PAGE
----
Something to Build To

| 6/4/2019 9:02:00 AM


For those who live far from Florida, hurricanes are short-lived. For those left to pick up the pieces and rebuild, a hurricane is less a weather phenomenon than it is an unwelcome new reality. 

Such is the case at Panhandle Pioneer Settlement, a living history museum in Blountstown, Florida. Founded in 1989 by Willard and Linda Smith, the settlement operates through a land-grant lease in Calhoun County’s Sam B. Atkins Park.
There, nearly 20 historical buildings salvaged from sites throughout the area have been restored, furnished and preserved as a living history museum. The settlement includes cabins (the oldest dates to 1820), a schoolhouse, doctor’s office, one-cell jail, church, post office and general store, as well as an axe museum, blacksmith shop, cobbler shop, firehouse, gristmill, syrup house and a former school gymnasium.
On Oct. 10, 2018, the 5-acre settlement took a direct hit from Hurricane Michael. The Category 4 monster uprooted more than 100 mature pine trees. “You would not believe the trees,” Willard Smith says. “It took a week just to cut our way in.”


Beefed up during restoration, several structures appeared to weather the storm without significant damage — until trees hit them. “Then they just blew up,” he says.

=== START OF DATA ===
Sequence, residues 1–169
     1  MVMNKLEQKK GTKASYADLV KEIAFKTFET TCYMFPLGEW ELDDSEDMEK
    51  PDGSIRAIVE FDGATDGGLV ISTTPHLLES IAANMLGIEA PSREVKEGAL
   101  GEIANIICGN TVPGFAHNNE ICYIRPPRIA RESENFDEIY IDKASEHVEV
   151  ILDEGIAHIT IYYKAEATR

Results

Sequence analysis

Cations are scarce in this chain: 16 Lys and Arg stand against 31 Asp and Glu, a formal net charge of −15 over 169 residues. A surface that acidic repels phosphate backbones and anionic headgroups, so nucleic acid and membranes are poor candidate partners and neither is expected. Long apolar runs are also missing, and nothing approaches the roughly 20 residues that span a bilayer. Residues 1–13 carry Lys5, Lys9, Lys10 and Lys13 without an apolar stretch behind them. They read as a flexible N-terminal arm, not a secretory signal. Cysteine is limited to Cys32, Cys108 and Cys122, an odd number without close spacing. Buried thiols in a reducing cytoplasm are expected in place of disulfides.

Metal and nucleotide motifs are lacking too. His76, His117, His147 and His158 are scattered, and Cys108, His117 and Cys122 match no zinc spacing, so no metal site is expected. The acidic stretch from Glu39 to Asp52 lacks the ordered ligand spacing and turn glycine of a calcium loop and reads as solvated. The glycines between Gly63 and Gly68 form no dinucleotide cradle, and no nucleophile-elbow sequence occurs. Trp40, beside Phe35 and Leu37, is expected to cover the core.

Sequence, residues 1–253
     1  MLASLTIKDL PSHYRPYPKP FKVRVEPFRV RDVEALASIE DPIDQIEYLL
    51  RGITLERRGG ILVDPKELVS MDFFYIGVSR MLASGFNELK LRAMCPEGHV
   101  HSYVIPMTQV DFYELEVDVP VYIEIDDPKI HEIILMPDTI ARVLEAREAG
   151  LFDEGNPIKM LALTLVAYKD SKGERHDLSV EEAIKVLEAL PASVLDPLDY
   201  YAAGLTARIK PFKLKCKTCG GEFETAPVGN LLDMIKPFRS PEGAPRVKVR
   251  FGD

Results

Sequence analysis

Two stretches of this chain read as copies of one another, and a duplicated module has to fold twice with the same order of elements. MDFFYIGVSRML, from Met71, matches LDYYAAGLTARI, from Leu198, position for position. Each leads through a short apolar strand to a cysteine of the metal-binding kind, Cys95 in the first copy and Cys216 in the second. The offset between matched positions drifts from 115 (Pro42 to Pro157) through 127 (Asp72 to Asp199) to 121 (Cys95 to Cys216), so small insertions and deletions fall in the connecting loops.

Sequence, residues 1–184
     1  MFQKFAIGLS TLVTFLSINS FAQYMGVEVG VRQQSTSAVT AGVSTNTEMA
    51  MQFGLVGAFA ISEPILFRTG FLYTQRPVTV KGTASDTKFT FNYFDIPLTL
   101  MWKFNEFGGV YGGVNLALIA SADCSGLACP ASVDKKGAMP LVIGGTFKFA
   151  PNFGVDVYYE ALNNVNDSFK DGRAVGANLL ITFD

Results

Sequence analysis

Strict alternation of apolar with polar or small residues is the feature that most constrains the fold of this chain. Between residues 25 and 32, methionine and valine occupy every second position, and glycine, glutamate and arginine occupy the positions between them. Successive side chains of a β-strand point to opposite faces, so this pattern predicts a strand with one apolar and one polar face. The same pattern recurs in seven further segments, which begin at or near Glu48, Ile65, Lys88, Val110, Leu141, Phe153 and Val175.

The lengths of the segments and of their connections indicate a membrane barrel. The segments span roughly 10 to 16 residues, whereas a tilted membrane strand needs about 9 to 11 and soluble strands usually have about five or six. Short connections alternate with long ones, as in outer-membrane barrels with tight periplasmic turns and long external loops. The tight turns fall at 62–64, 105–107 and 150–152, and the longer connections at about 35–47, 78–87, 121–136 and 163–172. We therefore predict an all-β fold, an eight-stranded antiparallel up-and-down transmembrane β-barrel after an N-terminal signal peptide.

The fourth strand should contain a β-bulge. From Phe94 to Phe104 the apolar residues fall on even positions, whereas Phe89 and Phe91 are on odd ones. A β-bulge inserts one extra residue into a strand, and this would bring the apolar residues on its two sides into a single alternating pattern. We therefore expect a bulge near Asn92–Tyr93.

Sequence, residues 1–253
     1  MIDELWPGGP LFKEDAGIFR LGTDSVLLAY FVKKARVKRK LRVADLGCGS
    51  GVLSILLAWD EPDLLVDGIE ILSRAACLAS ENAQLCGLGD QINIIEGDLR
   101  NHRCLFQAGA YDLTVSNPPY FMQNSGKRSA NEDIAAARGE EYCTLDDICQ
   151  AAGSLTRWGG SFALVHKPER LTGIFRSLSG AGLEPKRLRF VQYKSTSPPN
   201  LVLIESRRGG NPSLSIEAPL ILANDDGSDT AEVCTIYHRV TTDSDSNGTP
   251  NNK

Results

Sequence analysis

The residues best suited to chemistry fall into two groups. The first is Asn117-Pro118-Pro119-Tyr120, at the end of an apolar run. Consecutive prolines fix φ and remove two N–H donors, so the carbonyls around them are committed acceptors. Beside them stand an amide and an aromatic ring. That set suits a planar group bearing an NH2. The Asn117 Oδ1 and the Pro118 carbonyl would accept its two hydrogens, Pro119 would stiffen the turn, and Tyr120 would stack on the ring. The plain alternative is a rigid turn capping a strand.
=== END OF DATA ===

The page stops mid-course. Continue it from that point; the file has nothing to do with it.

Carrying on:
Nothing at the settlement escaped damage. “We did not expect this kind of damage,” Willard says. “But this storm was on the ground such a long time. It caused so much devastation [across Florida]. There are millions of tons of debris.”
The settlement is normally a busy place. Visitors swarm over exhibits. Classes for adults and children offer hands-on experiences. Events and festivals deliver family-friendly opportunities year-round.
This year — the settlement’s 30th anniversary year — most events have been put on hold. Reconstruction is slow and costly. Skilled labor is all but unavailable and material costs have gone through the roof. “The biggest challenge is scraping together the money to buy materials,” Willard admits. “I don’t know of any museum that has an abundance of money.”
But he has not thrown in the towel. “We go along day by day and it doesn’t look like we’ve accomplished much, but by the end of the week, you can see a little improvement. We built it from nothing before,” he allows. “Now we have something to build to." — Leslie C. McManus



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